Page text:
I wouldn’t touch gazpacho when I was a kid. My parents would make it at least each summer and I wouldn’t even taste it. Not a bite. Maybe it was the idea of a cold soup, or the fact that my parents referred to it as “liquid salad,” but just the idea of gazpacho grossed me out. But a few years ago Brian and I tried gazpacho shooters as part of a fixed price menu and my opinion of gazpacho changed. Instantly. Gazpacho is summer in a bowl, I can’t get enough of it. And this version is super simple, although it does require a bit of planning.
What do I mean by a bit of planning? You need good quality ingredients, better than the bland supermarket tomatoes you get during the winter. This is the time to use the best quality tomatoes you can find. It really makes a huge difference in this recipe. But the biggest challenge is letting the soup rest before serving. This is a great dinner to make one night, blend and serve the following night. Painful, I know. But giving the flavor a chance to blend makes a huge difference. Give it at least 2 hours, but overnight is best. To be honest, the hardest part for me is finding enough space in my fridge to hold all of the soup. Hopefully you don’t have the same issue.
This recipe is based on one of my all-time favorite salads EVER. Seriously, this is amazing. José Andrés is a genius. (Seriously, try this salad. It is proves my case.) My copy was ripped out of an old copy of Bon Appétit, but you can find it here. This is the kind of recipe that you stick to your fridge because you will make it all the time.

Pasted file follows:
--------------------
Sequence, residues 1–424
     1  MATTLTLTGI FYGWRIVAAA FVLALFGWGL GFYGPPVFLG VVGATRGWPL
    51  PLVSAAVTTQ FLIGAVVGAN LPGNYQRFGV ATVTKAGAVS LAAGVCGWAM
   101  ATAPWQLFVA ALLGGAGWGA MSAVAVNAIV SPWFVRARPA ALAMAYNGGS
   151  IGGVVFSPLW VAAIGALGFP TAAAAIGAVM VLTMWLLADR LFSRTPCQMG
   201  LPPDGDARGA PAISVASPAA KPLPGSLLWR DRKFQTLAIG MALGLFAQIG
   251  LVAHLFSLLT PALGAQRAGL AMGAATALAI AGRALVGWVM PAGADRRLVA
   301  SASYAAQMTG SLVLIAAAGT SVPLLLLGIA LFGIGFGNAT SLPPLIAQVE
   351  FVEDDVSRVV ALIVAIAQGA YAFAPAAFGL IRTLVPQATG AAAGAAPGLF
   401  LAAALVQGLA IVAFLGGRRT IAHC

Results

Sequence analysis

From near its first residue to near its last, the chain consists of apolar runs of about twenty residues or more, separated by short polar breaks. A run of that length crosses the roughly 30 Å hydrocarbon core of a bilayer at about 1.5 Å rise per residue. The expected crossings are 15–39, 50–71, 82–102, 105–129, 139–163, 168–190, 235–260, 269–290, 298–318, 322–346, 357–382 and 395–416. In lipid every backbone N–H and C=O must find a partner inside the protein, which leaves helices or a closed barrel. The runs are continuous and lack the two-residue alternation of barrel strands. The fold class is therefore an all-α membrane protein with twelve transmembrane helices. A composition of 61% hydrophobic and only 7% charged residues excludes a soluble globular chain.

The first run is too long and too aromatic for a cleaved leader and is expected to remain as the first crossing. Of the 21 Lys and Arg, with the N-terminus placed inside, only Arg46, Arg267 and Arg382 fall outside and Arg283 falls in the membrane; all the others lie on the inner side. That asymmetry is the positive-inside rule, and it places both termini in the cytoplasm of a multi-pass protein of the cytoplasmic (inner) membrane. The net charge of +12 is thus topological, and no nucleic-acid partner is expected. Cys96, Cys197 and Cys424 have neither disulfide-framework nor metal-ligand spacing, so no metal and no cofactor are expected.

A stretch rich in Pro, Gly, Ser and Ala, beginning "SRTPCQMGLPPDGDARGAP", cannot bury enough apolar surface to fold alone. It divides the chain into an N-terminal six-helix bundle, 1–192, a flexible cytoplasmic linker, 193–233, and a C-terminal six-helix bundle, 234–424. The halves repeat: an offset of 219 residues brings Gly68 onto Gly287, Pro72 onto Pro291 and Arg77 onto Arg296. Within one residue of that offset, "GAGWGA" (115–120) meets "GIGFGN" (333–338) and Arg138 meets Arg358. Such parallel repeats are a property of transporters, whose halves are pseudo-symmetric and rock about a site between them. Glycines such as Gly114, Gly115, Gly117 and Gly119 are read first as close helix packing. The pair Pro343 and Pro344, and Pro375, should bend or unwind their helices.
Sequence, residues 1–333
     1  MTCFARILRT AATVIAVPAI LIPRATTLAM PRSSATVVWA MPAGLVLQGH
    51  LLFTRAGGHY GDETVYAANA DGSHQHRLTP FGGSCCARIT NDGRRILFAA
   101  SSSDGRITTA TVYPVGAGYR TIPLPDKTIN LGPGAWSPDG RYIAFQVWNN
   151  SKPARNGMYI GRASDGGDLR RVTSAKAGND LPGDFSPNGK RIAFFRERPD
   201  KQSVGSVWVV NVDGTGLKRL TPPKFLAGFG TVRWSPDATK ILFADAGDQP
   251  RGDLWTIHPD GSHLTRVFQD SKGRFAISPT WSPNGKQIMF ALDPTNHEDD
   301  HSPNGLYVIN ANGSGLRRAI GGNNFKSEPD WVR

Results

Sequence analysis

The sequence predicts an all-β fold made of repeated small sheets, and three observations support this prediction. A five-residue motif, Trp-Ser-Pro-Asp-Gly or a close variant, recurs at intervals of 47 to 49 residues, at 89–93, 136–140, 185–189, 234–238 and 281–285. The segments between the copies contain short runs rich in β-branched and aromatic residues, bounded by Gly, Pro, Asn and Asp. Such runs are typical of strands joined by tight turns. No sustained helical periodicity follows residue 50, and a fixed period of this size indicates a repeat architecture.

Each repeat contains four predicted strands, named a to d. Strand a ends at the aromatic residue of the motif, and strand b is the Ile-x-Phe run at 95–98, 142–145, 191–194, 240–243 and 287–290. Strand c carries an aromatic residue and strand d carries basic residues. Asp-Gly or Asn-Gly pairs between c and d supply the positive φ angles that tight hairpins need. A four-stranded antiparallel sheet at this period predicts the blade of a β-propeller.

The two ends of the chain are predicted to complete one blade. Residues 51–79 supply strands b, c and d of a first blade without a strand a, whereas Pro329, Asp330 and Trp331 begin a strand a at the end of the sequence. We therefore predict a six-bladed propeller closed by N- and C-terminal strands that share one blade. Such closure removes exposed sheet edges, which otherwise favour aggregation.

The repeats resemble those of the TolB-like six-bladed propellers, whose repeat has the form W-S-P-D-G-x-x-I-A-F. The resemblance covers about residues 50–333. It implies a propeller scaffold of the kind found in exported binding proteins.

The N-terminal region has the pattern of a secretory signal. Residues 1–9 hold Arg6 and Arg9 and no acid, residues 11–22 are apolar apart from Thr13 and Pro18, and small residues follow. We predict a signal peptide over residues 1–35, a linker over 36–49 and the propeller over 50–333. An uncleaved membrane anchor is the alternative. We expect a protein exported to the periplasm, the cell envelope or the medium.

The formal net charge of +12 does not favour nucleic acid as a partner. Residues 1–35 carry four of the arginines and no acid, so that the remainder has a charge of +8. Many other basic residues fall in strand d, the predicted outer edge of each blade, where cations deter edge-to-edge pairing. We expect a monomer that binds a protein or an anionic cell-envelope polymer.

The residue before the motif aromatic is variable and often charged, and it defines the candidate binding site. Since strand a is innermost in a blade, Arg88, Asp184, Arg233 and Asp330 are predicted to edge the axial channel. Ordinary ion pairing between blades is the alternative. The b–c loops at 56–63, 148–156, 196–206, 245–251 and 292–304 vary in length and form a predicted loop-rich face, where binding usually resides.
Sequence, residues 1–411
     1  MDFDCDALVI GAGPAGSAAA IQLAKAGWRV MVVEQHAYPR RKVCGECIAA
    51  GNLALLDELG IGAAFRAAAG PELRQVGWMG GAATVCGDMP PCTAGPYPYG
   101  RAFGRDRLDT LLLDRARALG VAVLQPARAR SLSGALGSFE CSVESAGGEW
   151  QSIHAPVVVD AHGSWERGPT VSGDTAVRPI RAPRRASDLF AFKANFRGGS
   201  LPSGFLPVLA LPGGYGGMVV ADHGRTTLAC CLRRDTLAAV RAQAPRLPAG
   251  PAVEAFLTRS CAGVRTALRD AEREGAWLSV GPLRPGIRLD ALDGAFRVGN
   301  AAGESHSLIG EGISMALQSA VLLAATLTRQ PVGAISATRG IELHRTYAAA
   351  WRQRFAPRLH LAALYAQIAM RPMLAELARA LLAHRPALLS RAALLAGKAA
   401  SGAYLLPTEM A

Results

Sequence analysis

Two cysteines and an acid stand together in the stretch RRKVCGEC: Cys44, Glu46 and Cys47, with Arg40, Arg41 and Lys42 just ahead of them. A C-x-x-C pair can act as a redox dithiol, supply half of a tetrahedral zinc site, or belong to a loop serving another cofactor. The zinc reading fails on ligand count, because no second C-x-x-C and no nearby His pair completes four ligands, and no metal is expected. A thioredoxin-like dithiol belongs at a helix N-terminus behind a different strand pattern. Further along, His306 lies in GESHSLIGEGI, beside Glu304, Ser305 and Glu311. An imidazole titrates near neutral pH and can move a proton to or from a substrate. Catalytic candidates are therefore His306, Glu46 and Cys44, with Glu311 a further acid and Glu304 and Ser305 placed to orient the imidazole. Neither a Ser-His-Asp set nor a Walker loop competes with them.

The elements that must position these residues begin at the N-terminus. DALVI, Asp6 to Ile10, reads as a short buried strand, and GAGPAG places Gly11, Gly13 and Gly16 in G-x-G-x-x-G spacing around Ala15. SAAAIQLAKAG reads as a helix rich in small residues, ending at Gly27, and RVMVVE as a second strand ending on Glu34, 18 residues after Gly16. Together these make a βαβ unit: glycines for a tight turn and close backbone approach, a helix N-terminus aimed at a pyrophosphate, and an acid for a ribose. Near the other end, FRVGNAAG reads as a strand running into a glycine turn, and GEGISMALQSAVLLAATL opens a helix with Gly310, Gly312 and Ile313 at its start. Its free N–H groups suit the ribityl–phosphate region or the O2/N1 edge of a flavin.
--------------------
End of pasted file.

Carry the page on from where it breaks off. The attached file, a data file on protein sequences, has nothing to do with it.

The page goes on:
I love serving gazpacho for dinner, but it also makes an easy appetizer. This batch feeds 4 easily with leftovers, but I like to keep extras for weekday lunches. This is perfect for sharing because it is Whole30, paleo and vegan, but delicious enough that even the biggest carnivore will want a second helping.
- 3 large tomatoes
- 3 mini cucumbers or 1 English cucumber
- 1 bell pepper
- 1 clove of garlic, chopped
- 1 cup diced onion
- 2 cups tomato juice (plus more if needed)
- 1 28 oz can diced tomatoes, including their juice
- 1 tablespoon fresh thyme leaves
- ¼ cup extra virgin olive oil
- 2 tablespoons sherry vinegar
- salt and pepper to taste
- Roughly chop fresh tomatoes, cucumbers, onion and bell pepper while still reserving a bit for garnishing the soup.
- Add to a large bowl along with the chopped garlic, tomatoes juice, canned tomatoes and thyme leaves.
- Stir in the olive oil.
- Refrigerate for 2-12 hours.
- Blend to desired texture, adding more tomatoes juice if needed.
- Stir in sherry vinegar.
- Add salt and pepper to taste.
- Serve chilled and garnished with remaining chopped veggies.